Texas A&M coach Mike Sherman has to be satisfied with the class he signed February 6 considering his short window of time. He quickly built trustworthy relationships after his hiring with top inherited prospects, like ESPN 150 defensive tackle Rodrick Davis (Houston/Dwight D. Eisenhower), and also lured a few blue-chippers of his own, like ESPN 150 running back Cyrus Gray (Dallas/DeSoto). The former NFL head man regarded as a great football mind but reserved in personality, silenced his early recruiting critics with a top-25 class in his brief time back at the college level.
The Aggies are quick out of the gate in 2009, boasting six commitments in the early going and all on the ESPN 150 Watch List. This week, A&M received a pledge from Hutson Prioleau (Fort Worth, Texas/All Saints Episcopal), an in-state tight end prospect with striking size and good ability as both a blocker and pass catcher. Prioleau's skills as a run blocker should only improve in college as his large frame continues to physically develop complementing his strong hand technique and aggressiveness in the trenches.
Joining Prioleau on the line will be tackle Ivory Wade (Dickinson, Texas) and guards Clint Naron (Spring, Texas/Klein Oak) and Rhontae Scales (Killeen, Texas). All three have good size and college upside but are stretches for the ESPN 150 at this stage of our early film evaluations.
Sumlin building from his backyard
Newly hired University of Houston head coach Kevin Sumlin is already taking advantage of his strong recruiting ties to the Houston area, presumably a decisive factor in his December hiring. Regarded as relentless recruiter, Sumlin received a commitment this week from Thomas Bates (Baytown, Texas/Robert E. Lee), an ESPN 150 Watch List safety and potentially the Cougars' first 150 prospect in their last four classes.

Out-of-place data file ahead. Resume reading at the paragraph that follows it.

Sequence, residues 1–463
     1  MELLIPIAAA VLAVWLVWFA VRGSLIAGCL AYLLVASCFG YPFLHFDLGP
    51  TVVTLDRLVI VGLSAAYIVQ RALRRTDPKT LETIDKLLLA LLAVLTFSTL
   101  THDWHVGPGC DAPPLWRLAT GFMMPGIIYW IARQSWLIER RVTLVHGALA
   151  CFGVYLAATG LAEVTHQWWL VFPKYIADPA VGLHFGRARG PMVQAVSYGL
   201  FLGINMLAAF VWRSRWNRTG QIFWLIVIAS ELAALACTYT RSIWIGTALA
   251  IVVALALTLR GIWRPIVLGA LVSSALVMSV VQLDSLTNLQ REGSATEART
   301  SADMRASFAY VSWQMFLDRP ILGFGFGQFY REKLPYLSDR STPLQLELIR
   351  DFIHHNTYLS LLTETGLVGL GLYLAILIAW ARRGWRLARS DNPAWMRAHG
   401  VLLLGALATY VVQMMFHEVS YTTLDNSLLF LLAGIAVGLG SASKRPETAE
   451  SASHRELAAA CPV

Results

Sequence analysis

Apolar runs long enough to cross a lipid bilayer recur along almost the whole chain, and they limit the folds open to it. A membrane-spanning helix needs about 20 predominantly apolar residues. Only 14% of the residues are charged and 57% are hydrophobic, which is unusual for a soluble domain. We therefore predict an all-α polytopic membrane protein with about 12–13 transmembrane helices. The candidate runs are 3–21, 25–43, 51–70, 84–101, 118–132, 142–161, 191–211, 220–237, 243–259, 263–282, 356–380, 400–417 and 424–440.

He needs a bit of positional polish, but Bates is a ballhawk on film showing great range and acceleration chasing down ball carriers. He does lack some size and could be a reach for the ESPN 150 at this time, but his commitment is an auspicious sign for Sumlin on the recruiting trail. If the former Oklahoma assistant can start consistently landing the residual in-state talent overlooked by more prominent programs like Texas and Texas A&M, it could spell trouble for the rest of Conference USA and soon end the drought of bowl a win.
While Rich Rodriguez lost out on a prize quarterback this week, his successor at West Virginia perhaps landed the Mountaineers' future replacement for Pat White. Bill Stewart may not have signed the type of talent he wanted in 2008, but the first-year head coach is off to bang in '09 with a verbal from highly sought-after ESPN 150 Watch List quarterback Tajh Boyd (Hampton, Va./Phoebus). Fellow Watch List receiver Logan Heastie (Chesapeake, Va./Great Bridge) gave a pledge to the WVU program this week as well. Tom Luginbill says Boyd projects as a better all-around signal caller than White.
Billy Tucker is a recruiting coordinator for Scouts Inc. and has close to a decade of coaching experience at the college and high school level. Tucker has served as a recruiting coordinator for two nationally ranked Division II colleges. Most recently, he was the associate head coach and defensive coordinator for Merrimack College, which advanced to the Sweet 16 in the 2006 NCAA Division II playoffs.